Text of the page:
From: dgs on 3 Aug 2006 19:58
> Over what period?
The one at the end of this sentence, numbnuts.
From: dgs on 3 Aug 2006 20:00
> Then why do the British refer to organizations with plural forms of
Because they can.
Why are you such a yammering idiot?
From: Tchiowa on 3 Aug 2006 20:17
Keith W wrote:
> "Tchiowa" <tchiowa2(a)hotmail.com> wrote in message
> >> No, you don't. Doctors work in private practice and are reimbursed by
> >> Social Security. The same is true for hospitals. There is also a
> >> system of entirely public hospitals with staff physicians. You can go
> >> to the public facilities for free, or you can go to private providers
> >> who accept Social Security as payment in full, or you can go to
> >> private providers who accept SS as partial payment and you pay the
> >> rest. You can also contract for private insurance for anything that
> >> Social Security does not pay. It costs a few dozen euro per month.
> > Not with NHS.
> > You go where you're told to doctors with controlled rates and use drugs
> > with controlled prices.
> Well no unless you count FREE as a controlled rate.
As I pointed out to TR, they are not "free". Someone is paying for
them. And the charges for drugs and treatments are all set by the NHS.
They will pay the doctor for you at a rate that they have set. That's
controlled rates. Controlled wages and prices. The US tried that under
Nixon. The runaway inflation under Carter was in part caused by Nixon's
dumb attempt to control prices and wages.
> Under the UK NHS you register with a doctor , there are no fees for
> consultations or treatment and drugs are subject to a fixed prescription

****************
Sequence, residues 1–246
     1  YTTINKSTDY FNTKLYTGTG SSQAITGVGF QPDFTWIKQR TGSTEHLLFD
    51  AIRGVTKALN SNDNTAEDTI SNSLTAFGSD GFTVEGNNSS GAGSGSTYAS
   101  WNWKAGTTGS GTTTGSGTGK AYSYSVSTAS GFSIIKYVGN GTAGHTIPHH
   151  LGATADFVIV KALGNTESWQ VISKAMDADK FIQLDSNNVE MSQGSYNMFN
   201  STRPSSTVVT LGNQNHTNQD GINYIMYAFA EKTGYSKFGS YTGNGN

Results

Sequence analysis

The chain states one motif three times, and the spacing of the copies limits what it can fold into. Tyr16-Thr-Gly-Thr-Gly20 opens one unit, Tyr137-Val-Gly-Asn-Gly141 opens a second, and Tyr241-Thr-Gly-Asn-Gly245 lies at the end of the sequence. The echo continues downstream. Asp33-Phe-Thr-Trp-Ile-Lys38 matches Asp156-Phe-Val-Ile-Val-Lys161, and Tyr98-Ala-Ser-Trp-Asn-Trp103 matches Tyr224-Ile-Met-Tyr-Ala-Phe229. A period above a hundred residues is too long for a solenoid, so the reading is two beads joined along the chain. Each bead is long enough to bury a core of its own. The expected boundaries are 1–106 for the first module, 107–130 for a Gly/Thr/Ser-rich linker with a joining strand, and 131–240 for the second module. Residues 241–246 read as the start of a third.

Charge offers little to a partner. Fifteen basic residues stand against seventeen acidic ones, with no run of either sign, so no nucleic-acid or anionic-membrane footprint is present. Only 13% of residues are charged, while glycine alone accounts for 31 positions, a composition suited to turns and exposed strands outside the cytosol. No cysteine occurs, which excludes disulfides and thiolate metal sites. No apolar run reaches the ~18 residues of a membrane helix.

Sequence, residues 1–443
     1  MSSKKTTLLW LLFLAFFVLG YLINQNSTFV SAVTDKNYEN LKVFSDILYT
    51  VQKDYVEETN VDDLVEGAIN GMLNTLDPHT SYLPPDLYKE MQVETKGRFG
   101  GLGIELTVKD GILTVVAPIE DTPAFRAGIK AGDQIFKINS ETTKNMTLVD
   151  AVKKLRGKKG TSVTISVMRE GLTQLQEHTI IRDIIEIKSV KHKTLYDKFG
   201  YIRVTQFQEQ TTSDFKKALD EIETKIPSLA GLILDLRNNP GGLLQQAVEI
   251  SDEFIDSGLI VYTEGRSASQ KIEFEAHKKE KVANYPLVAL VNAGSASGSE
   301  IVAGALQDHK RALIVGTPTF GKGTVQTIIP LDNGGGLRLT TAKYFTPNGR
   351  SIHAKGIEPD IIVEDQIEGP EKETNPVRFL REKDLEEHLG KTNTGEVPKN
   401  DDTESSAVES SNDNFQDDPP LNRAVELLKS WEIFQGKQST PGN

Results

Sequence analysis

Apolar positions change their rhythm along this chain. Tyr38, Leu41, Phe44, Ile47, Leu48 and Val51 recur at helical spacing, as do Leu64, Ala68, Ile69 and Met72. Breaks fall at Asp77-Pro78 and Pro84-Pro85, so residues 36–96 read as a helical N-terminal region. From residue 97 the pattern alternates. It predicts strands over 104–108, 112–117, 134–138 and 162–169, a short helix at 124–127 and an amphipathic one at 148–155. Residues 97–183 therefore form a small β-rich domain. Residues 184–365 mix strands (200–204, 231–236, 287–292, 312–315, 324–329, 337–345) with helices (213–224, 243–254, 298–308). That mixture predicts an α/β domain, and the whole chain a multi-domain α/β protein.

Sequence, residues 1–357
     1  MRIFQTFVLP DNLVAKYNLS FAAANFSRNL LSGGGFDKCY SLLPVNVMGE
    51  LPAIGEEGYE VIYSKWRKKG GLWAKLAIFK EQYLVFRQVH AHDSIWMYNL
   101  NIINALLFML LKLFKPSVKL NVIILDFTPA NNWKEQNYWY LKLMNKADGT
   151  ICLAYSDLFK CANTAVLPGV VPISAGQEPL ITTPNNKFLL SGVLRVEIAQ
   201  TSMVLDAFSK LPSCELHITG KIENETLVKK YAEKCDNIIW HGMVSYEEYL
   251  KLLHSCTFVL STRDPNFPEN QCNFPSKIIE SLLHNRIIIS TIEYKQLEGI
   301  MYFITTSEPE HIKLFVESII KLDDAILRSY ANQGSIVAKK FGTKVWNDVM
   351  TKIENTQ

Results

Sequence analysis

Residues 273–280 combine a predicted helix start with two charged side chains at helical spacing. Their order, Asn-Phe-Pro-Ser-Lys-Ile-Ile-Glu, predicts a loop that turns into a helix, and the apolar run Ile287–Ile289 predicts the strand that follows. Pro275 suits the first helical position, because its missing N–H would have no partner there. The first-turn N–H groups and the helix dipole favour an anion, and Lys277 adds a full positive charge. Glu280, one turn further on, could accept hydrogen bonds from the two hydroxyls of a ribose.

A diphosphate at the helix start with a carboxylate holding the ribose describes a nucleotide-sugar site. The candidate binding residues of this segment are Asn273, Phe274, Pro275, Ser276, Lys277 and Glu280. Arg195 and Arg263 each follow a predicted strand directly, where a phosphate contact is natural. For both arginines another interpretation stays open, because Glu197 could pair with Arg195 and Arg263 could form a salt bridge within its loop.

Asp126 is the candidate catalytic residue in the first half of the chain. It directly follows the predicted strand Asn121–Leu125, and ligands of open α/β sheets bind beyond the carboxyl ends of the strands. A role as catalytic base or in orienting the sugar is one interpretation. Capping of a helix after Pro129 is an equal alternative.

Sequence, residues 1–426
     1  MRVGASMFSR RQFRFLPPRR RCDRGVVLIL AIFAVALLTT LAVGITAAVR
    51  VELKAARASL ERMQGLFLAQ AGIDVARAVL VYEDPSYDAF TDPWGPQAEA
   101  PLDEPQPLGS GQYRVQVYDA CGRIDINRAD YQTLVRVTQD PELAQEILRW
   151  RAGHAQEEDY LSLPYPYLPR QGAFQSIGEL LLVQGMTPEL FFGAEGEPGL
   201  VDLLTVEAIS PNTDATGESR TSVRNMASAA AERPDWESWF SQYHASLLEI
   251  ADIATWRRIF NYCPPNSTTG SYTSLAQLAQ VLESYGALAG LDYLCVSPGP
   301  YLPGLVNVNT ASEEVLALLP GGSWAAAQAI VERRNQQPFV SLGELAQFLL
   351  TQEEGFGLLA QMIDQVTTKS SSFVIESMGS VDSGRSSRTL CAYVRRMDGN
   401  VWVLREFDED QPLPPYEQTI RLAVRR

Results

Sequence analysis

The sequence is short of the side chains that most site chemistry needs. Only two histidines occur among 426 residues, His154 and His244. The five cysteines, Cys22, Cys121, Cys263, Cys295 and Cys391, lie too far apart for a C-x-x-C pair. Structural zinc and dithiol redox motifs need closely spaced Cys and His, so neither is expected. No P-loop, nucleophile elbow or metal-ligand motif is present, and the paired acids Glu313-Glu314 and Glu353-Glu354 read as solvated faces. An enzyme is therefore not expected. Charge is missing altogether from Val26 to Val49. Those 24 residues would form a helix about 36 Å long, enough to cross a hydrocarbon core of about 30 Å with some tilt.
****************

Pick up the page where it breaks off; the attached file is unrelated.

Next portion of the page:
> charge no matter how expensive they are. You can choose to pay a one
> off fee of £6.65 or a prepaid prescrption certificate which is much cheaper.
Which is exactly what I do with my carrier.
> The unemployed , retired, children, pregnant woman and low paid groups
> are exempt from these prescription charges.
> If you are travelling within the country and need to see another doctor
> you just go into any local doctors office, fill in a short form and
> see him, again no fee is charged.
And if you are travelling outside the country?
My insurance covers me around the world.
> You are quite at liberty to go to a fee charging private doctor and he
> can prescribe drugs which are then bought at full price but for obvious
> reasons few people do this.
> Primary health care (access to your local GP) is actually very good
> under the NHS and even those people who have private health
> insurance , like myself, still use the NHS doctors at local level.
> The only time I would resort to my private health cover is when
> hospital admission is required and even there the surgeon
> who operates on me will likely be the same one who works
> in the local NHS hospital. Mostly what I get for my money
> is improved hotel services in hospital, a private room instead
> of a public ward etc.
> As a result private health cover in the UK is essentially a topup
> to the public service and is MUCH cheaper than in the USA
> as I know having lived in Ohio for 3 years.
Interesting descriptions. What I'd want to point out the most is that
you have the option of private health care. But only because you can
afford to pay for health care twice: once in your taxes and again with
your private insurer. Most people can't. So what NHS has created is a
2-tier health care system. One for the rich or fairly well to do and a
lower level of service for most.
From: dgs on 3 Aug 2006 20:22
> On Wed, 02 Aug 2006 09:20:48 +0200, Mxsmanic <mxsmanic(a)gmail.com>
>>What is a "professional body"?
> Something you do not belong to.
And, if fortune stays with us, never will.
From: dgs on 3 Aug 2006 20:24
> That is a circular argument.
What is a circular argument?